Specifically, in his example, he recounts an encounter with a design leader who felt that “good designers” should be able to code and would have coded their own websites. The video is linked to this point in the presentation.

If you’re reading this on my blog, it’s clear that I do have my own domain. I also have own website and I did code it myself.

The reasons I coded my own site were not to prove myself as a “good” designer. They were due to: a) cost, and; b) exploration/personal expression. Let’s review:

A. Cost: It’s cheaper to code your own website on your own domain than to pay a 3rd-party site to do it. A site that costs $12/mo is $112/year, which is over $500 after 5 years, assuming you keep it running all that time. Many sites cost more than $12/month. About five years ago, when I first created my site in Bootstrap, I needed to find areas to cut back on my expenses. This was an easy choice to make and I’ve stuck with it.

B. Exploration: As mentioned above, about five years ago, I started seriously learning more about front-end development. I used building my portfolio and a few side projects as opportunities to learn. I like designing my own website. So why am I also using Cargo? Because updating a domain can be a small project but updating a CMS takes a few minutes.

I could use my own domain to host an external website, but it feels like giving up control of my own website. And, I’m not sure that the external template available is what I want to use on my own site. Plus I get control over my own analytics.

Ultimately, I won’t be moving the Cargo portfolio to my domain. But, I did update my website to more prominently point to the portfolio.

2. List of Projects

I admit: I do have a lot of projects. I’ve heard that using 3-5 projects is a must. I don’t know if that’s a max of 5, but I’d definitely heard a minimum of 3.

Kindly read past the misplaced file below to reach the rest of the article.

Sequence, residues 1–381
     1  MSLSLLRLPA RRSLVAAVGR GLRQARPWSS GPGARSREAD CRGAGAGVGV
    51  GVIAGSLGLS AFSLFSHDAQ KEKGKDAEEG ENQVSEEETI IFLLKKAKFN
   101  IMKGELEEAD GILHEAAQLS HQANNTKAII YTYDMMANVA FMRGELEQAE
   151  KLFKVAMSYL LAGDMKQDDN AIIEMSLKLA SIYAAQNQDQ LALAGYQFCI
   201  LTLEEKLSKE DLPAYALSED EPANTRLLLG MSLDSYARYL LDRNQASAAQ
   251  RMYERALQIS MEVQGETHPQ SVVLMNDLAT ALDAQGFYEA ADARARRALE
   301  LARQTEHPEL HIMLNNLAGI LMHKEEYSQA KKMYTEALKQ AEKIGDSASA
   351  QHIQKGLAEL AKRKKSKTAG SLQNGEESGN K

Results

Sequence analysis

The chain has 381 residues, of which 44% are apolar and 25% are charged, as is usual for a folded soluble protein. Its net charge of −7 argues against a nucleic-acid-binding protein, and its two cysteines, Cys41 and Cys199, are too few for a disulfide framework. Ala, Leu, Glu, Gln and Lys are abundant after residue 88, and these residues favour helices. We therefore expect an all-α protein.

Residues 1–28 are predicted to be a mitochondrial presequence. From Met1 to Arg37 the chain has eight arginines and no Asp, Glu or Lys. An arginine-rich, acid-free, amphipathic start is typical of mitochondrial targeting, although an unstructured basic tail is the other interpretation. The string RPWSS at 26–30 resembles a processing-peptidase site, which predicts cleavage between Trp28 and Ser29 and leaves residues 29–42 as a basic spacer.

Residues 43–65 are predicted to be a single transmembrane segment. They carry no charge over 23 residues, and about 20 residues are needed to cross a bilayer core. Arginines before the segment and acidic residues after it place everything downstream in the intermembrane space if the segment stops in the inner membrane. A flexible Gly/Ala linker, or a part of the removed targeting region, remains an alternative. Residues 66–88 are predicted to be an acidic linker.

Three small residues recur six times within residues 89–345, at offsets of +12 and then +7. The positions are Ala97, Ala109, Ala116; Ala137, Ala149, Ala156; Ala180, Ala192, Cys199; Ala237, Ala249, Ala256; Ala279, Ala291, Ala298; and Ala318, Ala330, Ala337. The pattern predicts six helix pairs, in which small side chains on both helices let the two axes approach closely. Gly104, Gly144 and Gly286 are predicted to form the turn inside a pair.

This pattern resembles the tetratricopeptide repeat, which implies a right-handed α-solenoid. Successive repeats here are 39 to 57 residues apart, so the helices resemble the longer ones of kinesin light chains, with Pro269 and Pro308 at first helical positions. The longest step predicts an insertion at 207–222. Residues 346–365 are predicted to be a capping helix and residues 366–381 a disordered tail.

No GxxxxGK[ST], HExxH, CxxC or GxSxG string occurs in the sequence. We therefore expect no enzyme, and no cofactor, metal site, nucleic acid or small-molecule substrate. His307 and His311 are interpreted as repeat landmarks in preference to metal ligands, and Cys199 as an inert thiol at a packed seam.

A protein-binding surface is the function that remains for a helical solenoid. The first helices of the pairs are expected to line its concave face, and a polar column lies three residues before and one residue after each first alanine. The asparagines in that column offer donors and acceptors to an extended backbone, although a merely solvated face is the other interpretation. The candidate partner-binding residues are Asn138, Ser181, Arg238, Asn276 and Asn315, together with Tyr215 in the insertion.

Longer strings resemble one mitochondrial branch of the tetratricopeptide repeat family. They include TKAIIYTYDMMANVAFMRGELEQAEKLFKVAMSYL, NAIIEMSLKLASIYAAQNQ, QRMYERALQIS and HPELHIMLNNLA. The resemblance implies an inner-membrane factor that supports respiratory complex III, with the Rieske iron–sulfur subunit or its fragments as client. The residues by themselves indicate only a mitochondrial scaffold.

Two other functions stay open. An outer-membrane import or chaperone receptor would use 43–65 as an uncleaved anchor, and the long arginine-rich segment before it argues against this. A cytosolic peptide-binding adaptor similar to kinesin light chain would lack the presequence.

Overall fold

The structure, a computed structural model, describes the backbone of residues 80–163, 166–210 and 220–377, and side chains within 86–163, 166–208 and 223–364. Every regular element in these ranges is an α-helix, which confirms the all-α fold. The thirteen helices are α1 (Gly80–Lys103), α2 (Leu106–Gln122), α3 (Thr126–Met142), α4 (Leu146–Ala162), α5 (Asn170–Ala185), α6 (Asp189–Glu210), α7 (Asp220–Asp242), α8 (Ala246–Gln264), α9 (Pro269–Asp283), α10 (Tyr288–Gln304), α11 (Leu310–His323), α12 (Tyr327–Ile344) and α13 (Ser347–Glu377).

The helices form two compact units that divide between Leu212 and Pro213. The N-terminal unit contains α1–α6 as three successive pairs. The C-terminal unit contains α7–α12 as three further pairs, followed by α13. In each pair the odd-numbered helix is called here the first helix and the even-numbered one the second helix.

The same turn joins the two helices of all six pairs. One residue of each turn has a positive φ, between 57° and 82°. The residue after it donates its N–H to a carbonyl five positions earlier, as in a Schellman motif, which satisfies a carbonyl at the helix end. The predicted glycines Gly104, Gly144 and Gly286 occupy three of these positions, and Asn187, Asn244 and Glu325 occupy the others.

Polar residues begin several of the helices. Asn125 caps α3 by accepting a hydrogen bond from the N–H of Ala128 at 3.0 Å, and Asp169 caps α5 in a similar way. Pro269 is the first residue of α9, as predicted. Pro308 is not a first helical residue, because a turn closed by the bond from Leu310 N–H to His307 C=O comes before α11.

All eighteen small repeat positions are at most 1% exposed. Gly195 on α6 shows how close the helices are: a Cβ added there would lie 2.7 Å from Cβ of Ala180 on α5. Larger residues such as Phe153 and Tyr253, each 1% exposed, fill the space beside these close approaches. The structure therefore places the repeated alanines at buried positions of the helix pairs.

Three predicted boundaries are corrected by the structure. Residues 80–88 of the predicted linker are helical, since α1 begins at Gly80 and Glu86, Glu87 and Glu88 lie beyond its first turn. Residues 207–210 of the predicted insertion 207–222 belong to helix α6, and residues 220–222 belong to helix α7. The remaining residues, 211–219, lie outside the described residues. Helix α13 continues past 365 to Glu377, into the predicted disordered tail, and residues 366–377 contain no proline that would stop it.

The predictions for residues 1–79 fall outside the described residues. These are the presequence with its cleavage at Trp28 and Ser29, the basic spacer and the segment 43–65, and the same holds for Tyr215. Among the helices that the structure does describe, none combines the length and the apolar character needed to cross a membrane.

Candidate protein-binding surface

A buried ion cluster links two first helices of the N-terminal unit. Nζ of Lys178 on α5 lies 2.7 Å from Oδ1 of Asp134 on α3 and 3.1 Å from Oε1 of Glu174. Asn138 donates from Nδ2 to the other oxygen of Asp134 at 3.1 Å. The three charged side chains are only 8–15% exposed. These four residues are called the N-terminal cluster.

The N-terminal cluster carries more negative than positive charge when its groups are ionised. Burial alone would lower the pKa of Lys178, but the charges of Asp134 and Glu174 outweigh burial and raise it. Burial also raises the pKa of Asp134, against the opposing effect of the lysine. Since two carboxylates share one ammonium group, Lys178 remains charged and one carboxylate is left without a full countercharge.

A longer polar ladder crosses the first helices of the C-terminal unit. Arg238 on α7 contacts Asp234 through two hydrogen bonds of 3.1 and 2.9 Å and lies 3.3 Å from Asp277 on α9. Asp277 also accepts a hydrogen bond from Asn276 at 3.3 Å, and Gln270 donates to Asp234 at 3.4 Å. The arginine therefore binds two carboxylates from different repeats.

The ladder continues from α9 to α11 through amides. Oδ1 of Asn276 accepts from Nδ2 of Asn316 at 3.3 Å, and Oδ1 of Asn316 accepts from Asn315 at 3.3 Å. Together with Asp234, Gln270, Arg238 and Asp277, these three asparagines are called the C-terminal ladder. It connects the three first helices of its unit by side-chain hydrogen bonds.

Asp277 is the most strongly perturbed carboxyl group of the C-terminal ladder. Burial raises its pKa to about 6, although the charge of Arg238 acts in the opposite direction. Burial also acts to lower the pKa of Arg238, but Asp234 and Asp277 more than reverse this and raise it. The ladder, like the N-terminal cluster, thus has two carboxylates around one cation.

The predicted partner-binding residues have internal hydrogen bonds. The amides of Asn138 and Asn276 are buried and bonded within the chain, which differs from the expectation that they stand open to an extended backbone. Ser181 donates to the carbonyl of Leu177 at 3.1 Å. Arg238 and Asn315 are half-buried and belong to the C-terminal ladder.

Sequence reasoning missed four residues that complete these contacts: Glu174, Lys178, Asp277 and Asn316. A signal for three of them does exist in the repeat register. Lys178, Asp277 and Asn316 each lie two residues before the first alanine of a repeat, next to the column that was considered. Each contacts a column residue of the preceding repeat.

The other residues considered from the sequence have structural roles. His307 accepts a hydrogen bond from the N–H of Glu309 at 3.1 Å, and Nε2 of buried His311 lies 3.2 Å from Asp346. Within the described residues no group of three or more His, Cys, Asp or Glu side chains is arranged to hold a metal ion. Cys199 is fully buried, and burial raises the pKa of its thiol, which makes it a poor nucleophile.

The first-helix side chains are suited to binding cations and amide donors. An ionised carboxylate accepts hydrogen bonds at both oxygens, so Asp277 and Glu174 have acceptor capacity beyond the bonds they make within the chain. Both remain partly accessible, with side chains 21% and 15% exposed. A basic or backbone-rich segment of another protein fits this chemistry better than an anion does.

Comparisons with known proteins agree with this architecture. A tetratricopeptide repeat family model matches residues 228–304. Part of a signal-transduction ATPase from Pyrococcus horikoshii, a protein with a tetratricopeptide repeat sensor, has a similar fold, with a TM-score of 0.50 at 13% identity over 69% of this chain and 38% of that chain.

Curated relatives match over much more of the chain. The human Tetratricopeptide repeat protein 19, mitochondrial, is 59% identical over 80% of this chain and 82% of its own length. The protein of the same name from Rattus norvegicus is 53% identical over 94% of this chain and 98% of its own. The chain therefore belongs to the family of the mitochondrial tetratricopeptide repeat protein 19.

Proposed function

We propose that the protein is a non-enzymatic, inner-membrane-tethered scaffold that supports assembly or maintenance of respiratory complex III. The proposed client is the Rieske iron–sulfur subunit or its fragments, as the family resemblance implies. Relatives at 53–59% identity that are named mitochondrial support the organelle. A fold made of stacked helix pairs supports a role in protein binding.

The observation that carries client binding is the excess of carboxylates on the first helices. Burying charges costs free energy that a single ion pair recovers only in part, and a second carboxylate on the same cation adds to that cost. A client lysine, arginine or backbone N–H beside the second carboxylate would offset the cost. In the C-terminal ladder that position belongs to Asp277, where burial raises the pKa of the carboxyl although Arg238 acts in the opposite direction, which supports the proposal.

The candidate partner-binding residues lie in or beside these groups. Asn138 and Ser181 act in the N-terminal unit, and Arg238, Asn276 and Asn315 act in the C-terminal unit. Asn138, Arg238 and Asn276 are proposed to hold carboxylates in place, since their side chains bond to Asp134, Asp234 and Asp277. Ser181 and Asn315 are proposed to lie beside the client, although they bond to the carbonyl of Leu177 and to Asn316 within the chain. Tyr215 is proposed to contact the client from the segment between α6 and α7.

Even the NN/g article that prompted this redo suggests 3-5 projects:

Step 2: Choose 3–5 Projects as Detailed Case Studies

But I want to share an image from the NN/g article on UX portfolios. It depicts a gallery of projects.

Web PortfolioHow many projects do you see? I see 8. Clearly the maximum number of projects is not hard-limited to 3-5.

At the moment, I may have too many at 11. However, the first 3 projects are the same as from my website. And on my website, I used analytics to narrow the list from 6-7, to 3 based on visitor traffic.

Most people view a website in an F shape. Using that logic, my most popular projects are placed first. This doesn’t mean I shouldn’t continue trying to narrow the list. But there’s clearly some discrepancy what’s too many, and my choice of projects and the order they’re presented have some thought behind them.

Providing Signposts with the Writing

To help address the feedback that people might be feeling lost, within each project page, I have been working on improving the writing. As mentioned in my last post, I’m updating the writing make it easier for people to scan.

I’ve made changes such as:

  • Incorporated images at the top of projects, when appropriate. (Suggested by feedback.)
  • Organized the writing a bit better. The format is now: a) description; b) images.
  • Included additional promo information, like videos, for people to find more information if wanted.
  • Used more headings, lists, and bold text.

My hope is that even if people feel like they don’t know where to start, once they do, they will feel more directed.

3. About